During that time, he took in a variety of immigrant handymen willing to work in exchange for free room and board, had a towering tree come down during a microburst and just miss the west wall, and cared for his pet rottweiler Storm, whom he eventually lost to old age (RIP, sweet Storm).

This was the house that no one ever thought we'd see finished. One neighbor used to cruelly joke that he should just tear it down already and call it a day.

But here's the thing: Marwen made improvements only as he could afford them. If he ran out of money, the place sat idle for a while. He didn't take out loans; he didn't run up credit cards. His second floor was full of buckets to catch leaks for longer than most of us would tolerate.

Now, after several coats of paint and a porch he had to replace twice, the place stands pretty regally on its corner. We've even heard the naysayers remark, "Wow, I never thought it would turn out so nice."

Kudos to you, Marwen, for showing that slow and steady can win the day.

Friday, October 3, 2008

Our Lady of the Underpass

About three years ago, after a particularly snowy winter, a salt stain appeared under the Interstate-94 ramp not far from our house. You may have heard about this--it made the national news--because the stain, to many who observed it, looked exactly like the Virgin Mary.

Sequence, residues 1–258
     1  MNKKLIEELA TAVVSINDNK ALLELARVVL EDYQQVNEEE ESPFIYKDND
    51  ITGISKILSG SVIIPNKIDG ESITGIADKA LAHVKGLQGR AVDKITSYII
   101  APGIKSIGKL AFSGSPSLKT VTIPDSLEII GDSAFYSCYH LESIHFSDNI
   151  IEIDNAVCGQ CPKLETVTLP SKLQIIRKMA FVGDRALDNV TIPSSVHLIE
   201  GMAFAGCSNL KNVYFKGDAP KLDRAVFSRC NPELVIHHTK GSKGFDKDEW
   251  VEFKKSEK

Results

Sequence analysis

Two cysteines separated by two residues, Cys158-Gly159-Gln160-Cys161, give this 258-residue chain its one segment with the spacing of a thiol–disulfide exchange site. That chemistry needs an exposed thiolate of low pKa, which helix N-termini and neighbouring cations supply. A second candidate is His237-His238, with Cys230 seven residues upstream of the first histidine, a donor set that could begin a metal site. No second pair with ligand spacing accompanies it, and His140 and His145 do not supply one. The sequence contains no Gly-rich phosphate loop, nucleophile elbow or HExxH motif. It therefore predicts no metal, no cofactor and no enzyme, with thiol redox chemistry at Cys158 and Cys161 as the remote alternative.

For months, devout believers flocked to the site with prayers and flowers. At one point the City, rattled by safety concerns, painted over the stain, but two intrepid workers from a nearby auto detail came by with a solvent and washed the paint away.

Nowadays, aside from the occasional visitor who pops by to light a candle or leave some artificial flowers (or in our case try to see the image up close for ourselves, at long last, and take a few photos for posterity), the site sits pretty much vacant. That'll be a different story at Christmas and Easter, when the predominantly Polish and Latino Catholics from the area come by to pay their respects.

I have to admit, were I the apparition of the Virgin, I'd choose a slightly more cheerful place to materialize than the grim Illinois interstate system. But that's just me. I have to say it's mighty nice to see such a colorful tableau against the backdrop of that underpass. It almost makes me want to drive more often.

Ok, I take that back.

But I have to hand it to the people responsible for reclaiming that space. Even the graffiti is a slight cut above.